The weighted fitting criterion scales the contribution of each frequency by the magnitude of the impedance at that frequency, such that model fit is not dominated by frequency points where Zrs is larger compared to other frequencies. Zrs data were then adjusted to alter the lowest frequency, and the model was refit using the weighted fitting criterion, such that we had one set of data which was analyzed in six ways;

  • 1
     Fu0·25: unweighted fit/0·25–19·625 Hz,
  • 2
     Fw0·25: weighted fit/0·25–19·625 Hz,
  • 3
     Fw1·375: weighted fit/1·375–19·625 Hz,
  • 4
     Fw2·875: weighted fit/2·875–19·625 Hz,
  • 5
     Fw3·875: weighted fit/3·875–19·625 Hz, and
  • 6
     Fw5·125: weighted fit/5·125–19·625 Hz.

Results

  1. Top of page
  2. Abstract
  3. Introduction
  4. Methods
  5. Results
  6. Discussion
  7. Acknowledgements
  8. References

Baseline Lung Function

Applying a weighted CPM fit to Zrs spectra (compared to an unweighted fit) had the greatest influence on estimates of Raw at baseline, and this effect was more pronounced for influenza-infected mice compared to controls (Figure 1). For infected mice, the unweighted fit resulted in the lowest and most variable estimation of Raw (0·25 ± 0·46 cm H2O s/ml) for any fitting criterion. This was a reflection of the CPM returning a negative (and biologically impossible) Raw (−0·53 cm H2O s/ml) for one of the seven mice in this group when the Fu0·25 was used. Applying the Fw0·25 fitting scheme to this measurement resulted in a more biologically realistic Raw (0·39 cm H2O s/ml). This skewing of Raw using the Fu0·25 criterion had the flow on effect of increasing G for infected mice. Employing a weighted fitting of the CPM for influenza-infected mice resulted in a reduction in the SD of baseline Raw and G, regardless of the frequency range used. At baseline, increasing the lowest frequency of the driving signal had little effect on estimates of, or variability in, measurements of Raw, G, or H beyond the difference made by applying the Fw0·25 (Figure 1).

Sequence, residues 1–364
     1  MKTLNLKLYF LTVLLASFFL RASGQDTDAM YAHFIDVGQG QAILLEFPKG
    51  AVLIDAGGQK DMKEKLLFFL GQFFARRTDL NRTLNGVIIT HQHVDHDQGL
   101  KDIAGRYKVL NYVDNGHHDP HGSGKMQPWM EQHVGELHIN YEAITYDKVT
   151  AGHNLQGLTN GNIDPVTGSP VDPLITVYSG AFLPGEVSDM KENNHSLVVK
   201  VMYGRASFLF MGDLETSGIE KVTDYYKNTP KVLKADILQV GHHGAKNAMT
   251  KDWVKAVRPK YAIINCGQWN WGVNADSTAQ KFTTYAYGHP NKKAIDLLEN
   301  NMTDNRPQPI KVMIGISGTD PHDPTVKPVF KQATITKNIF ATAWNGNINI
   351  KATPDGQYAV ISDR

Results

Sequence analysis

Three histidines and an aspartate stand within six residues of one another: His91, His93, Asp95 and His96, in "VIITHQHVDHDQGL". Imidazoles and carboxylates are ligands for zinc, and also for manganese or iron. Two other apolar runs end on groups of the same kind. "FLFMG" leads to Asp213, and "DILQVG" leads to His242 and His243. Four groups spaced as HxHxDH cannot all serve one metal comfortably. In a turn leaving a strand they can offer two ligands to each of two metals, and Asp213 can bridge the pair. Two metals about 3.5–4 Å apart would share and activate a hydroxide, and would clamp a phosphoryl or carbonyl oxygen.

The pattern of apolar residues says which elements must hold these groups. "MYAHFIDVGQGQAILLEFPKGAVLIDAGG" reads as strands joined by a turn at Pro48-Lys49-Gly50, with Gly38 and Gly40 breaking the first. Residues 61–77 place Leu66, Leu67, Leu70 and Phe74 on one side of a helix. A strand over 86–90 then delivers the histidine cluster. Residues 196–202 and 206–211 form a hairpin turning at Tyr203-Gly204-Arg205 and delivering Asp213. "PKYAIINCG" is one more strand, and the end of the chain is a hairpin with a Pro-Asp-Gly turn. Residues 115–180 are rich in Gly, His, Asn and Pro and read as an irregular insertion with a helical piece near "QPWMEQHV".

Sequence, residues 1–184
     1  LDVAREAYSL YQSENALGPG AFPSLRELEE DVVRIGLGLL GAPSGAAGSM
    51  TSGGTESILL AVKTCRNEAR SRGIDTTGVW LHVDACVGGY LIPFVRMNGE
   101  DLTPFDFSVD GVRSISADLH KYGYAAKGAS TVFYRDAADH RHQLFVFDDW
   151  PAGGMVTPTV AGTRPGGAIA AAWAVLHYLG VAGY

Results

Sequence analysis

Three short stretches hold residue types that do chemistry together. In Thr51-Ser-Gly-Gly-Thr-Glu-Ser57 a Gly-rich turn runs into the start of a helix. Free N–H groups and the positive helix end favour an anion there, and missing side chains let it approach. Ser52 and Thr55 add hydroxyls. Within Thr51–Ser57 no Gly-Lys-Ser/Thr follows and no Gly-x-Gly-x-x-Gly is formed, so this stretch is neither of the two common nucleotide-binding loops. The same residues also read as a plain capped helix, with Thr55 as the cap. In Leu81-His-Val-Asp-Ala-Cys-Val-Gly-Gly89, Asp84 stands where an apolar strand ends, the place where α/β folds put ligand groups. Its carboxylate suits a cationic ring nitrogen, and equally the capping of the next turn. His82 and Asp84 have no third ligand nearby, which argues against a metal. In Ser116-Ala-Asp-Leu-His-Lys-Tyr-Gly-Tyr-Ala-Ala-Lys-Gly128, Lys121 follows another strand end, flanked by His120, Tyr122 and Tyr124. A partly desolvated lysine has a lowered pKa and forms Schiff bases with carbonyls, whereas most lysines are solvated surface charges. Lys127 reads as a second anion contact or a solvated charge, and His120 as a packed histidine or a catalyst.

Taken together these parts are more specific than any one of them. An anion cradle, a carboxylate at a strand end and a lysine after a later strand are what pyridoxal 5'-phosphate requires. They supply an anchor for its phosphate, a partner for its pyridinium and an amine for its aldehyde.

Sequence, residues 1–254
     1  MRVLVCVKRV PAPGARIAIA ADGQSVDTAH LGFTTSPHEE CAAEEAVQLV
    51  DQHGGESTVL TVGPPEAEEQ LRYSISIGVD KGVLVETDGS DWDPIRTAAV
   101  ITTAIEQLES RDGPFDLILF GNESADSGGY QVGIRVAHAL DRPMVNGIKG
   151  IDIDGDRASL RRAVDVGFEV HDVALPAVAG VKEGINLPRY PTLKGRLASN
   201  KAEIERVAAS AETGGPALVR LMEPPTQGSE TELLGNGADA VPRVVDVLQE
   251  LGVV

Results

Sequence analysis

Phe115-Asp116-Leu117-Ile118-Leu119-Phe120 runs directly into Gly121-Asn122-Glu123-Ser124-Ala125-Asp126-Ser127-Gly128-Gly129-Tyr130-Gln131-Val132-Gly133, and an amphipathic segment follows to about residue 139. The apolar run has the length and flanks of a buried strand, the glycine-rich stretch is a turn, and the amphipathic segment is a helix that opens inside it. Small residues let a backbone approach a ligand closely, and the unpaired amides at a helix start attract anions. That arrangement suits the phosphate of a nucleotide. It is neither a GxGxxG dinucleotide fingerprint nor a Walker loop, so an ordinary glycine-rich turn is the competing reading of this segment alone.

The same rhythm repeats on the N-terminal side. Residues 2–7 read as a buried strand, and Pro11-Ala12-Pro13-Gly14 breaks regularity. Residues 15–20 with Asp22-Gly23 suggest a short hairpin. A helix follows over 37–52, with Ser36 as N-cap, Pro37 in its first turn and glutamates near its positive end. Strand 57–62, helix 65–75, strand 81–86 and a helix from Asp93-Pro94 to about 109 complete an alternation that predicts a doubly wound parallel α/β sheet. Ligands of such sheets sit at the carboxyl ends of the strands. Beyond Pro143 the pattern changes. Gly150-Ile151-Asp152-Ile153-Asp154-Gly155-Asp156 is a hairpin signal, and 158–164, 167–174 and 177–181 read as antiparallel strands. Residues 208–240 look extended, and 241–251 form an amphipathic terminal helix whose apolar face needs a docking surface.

image